Florida Amendment 2, the Permanent Cap on Non-homestead Parcel Assessment Increases

Amendment 2 would make permanent the cap of 10% on annual non-homestead parcel assessment increases set to expire on January 1, 2019.  The cap does apply to school district taxes.


In 2008 voters overwhelmingly approved (64%) Amendment 1, which made into law various ad-valorem property tax exemptions and limitations on property tax assessments.  Included in Amendment 1 was a limitation of 10% on non-homestead parcel assessments.  Properties considered non-homestead parcels included non-homestead residential properties such as second homes and rental homes or apartments, and nonresidential property such as commercial property (retail businesses, restaurants, office buildings and apartment complexes) and industrial property (manufacturing buildings and warehouses) and vacant land.

Fueling the 2008 assessment limitation to become a Constitutional Amendment was the upward spiraling property value increases due to inflation and resulting assessment increases and ad-valorem property taxes that took place during the late 1990’s and 2000 years. The often dramatic tax increases made the ownership and management costs of property unstable and unpredictable from year to year. The amendment was for a ten- year period and is set to expire January1, 2019.  The assessment increase limitation is not applicable to new construction parcels or to parcels that have had physical improvements made to them. The “cap” is removed when a property changes ownership or use.

Approval of Amendment 2 would make permanent the 10% annual increase limitation.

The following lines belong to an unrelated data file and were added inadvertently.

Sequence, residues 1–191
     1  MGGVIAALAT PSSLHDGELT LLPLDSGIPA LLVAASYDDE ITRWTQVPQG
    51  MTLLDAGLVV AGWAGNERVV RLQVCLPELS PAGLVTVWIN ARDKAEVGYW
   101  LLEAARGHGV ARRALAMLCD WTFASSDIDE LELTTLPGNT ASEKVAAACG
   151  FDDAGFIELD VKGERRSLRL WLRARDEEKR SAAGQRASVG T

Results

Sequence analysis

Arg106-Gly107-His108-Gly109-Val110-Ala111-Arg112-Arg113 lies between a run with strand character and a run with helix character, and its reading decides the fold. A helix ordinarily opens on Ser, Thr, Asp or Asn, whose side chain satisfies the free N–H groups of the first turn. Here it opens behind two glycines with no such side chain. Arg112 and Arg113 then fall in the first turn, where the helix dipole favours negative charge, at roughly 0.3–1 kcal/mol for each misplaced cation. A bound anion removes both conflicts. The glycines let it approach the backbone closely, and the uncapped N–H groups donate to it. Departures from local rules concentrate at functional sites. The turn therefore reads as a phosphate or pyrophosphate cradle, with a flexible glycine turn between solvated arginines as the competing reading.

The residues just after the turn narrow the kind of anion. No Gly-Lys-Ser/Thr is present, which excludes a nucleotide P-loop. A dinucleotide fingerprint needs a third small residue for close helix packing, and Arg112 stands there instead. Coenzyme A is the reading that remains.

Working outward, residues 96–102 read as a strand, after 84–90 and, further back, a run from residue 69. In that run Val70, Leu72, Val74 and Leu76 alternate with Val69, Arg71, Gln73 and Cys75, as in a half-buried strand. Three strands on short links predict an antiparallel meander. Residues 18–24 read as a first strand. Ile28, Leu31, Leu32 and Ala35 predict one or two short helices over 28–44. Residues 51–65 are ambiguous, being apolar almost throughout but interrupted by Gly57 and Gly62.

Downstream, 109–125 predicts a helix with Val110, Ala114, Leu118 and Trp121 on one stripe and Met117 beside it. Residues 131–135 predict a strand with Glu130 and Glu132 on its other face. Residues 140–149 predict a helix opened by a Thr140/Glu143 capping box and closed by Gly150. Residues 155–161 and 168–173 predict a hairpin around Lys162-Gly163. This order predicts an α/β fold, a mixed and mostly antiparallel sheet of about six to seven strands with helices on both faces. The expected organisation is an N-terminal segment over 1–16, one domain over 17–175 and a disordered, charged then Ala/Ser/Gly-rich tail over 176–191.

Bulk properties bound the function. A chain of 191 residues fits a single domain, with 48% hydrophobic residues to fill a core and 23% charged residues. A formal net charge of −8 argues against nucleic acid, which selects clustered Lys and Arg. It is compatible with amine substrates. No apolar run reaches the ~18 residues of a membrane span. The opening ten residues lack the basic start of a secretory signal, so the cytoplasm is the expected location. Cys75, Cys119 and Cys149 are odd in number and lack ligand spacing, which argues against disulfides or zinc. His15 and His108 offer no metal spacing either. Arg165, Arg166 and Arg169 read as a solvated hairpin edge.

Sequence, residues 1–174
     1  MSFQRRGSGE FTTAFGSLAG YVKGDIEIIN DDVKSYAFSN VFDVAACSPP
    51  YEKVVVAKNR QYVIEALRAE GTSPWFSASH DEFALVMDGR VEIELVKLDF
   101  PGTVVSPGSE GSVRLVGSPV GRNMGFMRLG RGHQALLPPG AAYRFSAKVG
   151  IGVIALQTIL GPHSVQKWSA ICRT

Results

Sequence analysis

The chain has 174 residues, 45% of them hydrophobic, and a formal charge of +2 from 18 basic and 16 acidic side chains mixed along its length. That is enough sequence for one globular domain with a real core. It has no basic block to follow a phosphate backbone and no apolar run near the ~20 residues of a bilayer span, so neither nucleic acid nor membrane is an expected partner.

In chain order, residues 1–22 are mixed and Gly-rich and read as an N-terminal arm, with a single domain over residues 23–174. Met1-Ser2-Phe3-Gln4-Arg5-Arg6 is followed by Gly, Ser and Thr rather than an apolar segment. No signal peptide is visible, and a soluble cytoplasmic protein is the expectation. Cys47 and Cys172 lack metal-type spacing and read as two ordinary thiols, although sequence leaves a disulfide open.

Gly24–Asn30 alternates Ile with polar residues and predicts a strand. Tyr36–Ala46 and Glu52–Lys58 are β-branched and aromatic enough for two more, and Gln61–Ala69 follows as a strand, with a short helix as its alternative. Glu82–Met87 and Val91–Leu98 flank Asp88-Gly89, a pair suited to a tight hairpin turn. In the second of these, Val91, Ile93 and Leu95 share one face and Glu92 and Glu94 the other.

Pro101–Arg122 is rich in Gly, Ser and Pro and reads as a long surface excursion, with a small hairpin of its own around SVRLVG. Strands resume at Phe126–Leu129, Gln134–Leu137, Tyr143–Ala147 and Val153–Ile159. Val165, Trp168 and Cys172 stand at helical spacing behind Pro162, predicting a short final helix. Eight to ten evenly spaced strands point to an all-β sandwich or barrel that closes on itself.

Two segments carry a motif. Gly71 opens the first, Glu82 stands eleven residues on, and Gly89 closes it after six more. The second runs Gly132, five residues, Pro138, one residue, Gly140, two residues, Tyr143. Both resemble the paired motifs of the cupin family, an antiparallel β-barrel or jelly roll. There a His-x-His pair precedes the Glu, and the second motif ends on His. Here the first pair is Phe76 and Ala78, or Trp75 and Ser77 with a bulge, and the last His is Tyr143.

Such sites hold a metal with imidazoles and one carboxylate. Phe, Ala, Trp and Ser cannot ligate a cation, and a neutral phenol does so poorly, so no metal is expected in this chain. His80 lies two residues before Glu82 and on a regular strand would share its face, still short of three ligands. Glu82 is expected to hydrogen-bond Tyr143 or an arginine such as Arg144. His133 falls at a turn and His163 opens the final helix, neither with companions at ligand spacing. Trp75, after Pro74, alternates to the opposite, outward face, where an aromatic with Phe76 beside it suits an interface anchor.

The most obvious benefit of making the limitation permanent is it would provide reasonable assurance to owners, purchasers, and property managers what potential increases in property taxes would be in the future. For many types of non-homestead property such as retail, office buildings and apartment complexes, property taxes are the single largest operating expense item. Knowledge of tax limitations is immensely important to income property owners and management companies when drafting leases that include tax pass-through’s and/or escalation clauses to the tenants.


Opponents of the limitation on property assessment increases believe that the ”caps” create inequities in how properties are taxed.  The property tax is an ad-valorem tax.  Ad-valorem is a Latin word that means “according to the value of”.  Inherent in the ad-valorem concept is that a property that is twice as valuable as another will pay twice the property tax burden.  When a property tax system utilizes assessment exemptions and/or limitations, it is no longer an ad-valorem tax.

When taxing authorities have limitations to tax property at appropriate annual market value levels, they are unable to raise the tax revenue required to provide governmental services as the cost to provide them increases.

Additionally, when property tax systems employ tax exemptions and limitations, just as in cities that have rent control limitations in place, real estate markets cease to function in a normal unrestricted capacity.